When the revolution overwhelmed the war, burying all prospects and all hopes, we asked ourselves the inner meaning of these events. Amidst all the insanity we found a meaning in the thought that the German nation would be driven into becoming politically minded: now, at last, belatedly.
[ . . . ]
Today we call this resolution not conservative but nationalist.
This nationalist will desires to conserve all that in Germany is worth conserving. It wills to preserve Germany for Germany’s sake, and it knows what it wills.
The nationalist does not say, as the patriot does, that Germany is worth preserving because she is German. For him the nation is not an end in itself.
The nationalist’s dreams are of the future. He is a conservative because he knows that there can be no future that does not have its roots in the past. He is also a politician because he knows that past and future can only be secure if the nation is secure in the present.
But his thoughts range beyond the present. If we concentrate exclusively on the past, we might easily imagine that German history is closed. It is nowhere written that a people has a right to life eternal. For every people the hour at length strikes when they perish either by murder or by suicide. No more glorious end could be conceived for a great people than to perish in a world war where a world in arms overcame one single country.
German nationalism is in its way an expression of German universalism, and turns its thought to Europe as a whole, not in order—as Goethe in his middle period expressed it—to “lose itself in generalities” but to maintain the nation as a thing apart. The German instinct of self-preservation is penetrated by the experience to which Goethe in his age confessed that art and science alone are “poor comfort” and no substitute for the “proud consciousness” of “belonging to a strong people, respected at once and feared.” Roman nationalism thinks only of itself. German nationalism thinks of itself in relation to other things. The German nationalist wants to preserve Germany not merely because she is Germany, which might easily mean simply to preserve the past. He wants to preserve Germany as a country arising out of the revolutionary upheavals and changes of a new age. He wants to preserve Germany because she holds a central position from which alone the equilibrium of Europe can be maintained. The center, not the west as [Rudolf] Pannwitz thought and not the east as Spengler too rashly anticipated, is the creative focus of our hemisphere. The German nationalist wants to preserve German nationhood, not to exchange it for the “supernational culture” of a [Friedrich Wilhelm] Foerster—in whom the bastardization of German idealism reached its zenith—but to preserve Germany in the consciousness that the Germans have a task in the world which no other people can take from them.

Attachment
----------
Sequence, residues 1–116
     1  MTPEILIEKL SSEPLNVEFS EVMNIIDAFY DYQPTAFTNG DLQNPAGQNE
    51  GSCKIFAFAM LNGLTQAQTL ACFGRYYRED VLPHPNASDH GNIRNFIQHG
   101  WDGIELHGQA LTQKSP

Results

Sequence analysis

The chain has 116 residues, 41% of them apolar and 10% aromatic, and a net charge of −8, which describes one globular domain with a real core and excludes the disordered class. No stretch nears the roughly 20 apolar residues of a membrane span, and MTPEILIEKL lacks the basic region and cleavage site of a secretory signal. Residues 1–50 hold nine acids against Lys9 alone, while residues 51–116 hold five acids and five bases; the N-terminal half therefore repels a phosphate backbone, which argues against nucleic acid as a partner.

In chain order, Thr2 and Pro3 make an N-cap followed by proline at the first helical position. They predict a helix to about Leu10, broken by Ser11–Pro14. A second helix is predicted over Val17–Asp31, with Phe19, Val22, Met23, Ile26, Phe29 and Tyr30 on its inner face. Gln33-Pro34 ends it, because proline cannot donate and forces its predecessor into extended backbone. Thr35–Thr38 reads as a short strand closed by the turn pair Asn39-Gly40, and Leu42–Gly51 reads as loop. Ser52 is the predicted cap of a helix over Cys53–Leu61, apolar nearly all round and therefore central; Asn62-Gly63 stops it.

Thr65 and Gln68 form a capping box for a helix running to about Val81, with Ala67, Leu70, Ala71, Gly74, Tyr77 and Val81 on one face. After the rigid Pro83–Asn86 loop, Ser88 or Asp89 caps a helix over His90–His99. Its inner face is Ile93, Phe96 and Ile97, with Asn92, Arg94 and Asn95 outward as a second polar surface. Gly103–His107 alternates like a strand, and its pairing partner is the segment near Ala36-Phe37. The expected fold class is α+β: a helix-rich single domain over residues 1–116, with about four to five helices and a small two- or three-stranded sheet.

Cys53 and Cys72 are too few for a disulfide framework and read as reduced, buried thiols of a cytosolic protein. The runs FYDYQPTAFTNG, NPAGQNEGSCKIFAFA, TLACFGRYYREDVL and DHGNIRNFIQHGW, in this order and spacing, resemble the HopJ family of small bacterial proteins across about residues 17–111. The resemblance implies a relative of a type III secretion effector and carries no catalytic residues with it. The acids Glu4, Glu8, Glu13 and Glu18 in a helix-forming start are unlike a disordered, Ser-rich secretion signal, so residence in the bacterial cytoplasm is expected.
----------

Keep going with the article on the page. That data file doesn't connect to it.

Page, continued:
[ . . . ]
Nationalism seeks to secure for the nation a democratic participation in which the proletariat shall also have a share.
The ideals of a nationalist movement differ as greatly from the ideals of a merely formal democracy as from the ideals of a class-conscious proletariat—above all in this: that it is a movement from above and not from below. Participation implies consciousness of the values that are to be shared. This consciousness can never be imparted unless a movement of ready acceptance comes from below; it must, however, be imparted from above.
The democrat, who always leans towards cosmopolitan points of view, and still more the proletarian who hankers after international trains of thought, both like to toy with the thought that there exists a neutral sphere in which the differences between the values of one people and of another vanish. The nationalist instead holds that its own peculiar values are the most characteristic and precious possession of a nation, the very breath of its being. These give a nation form and personality; they cannot be transferred or interchanged. [ . . . ]
Source of English translation: Arthur Moeller van der Bruck, “The Third Empire” (1923), in The Weimar Republic Sourcebook, edited by Anton Kaes, Martin Jay, and Edward Dimendberg. © 1994 Regents of the University of California. Published by the University of California Press, pp. 332-34. Reprinted with permission of the University of California Press.
Source of original German text: Arthur Moeller van der Bruck, Das Dritte Reich. Berlin: Ring Verlag, 1923, pp. ii-iv.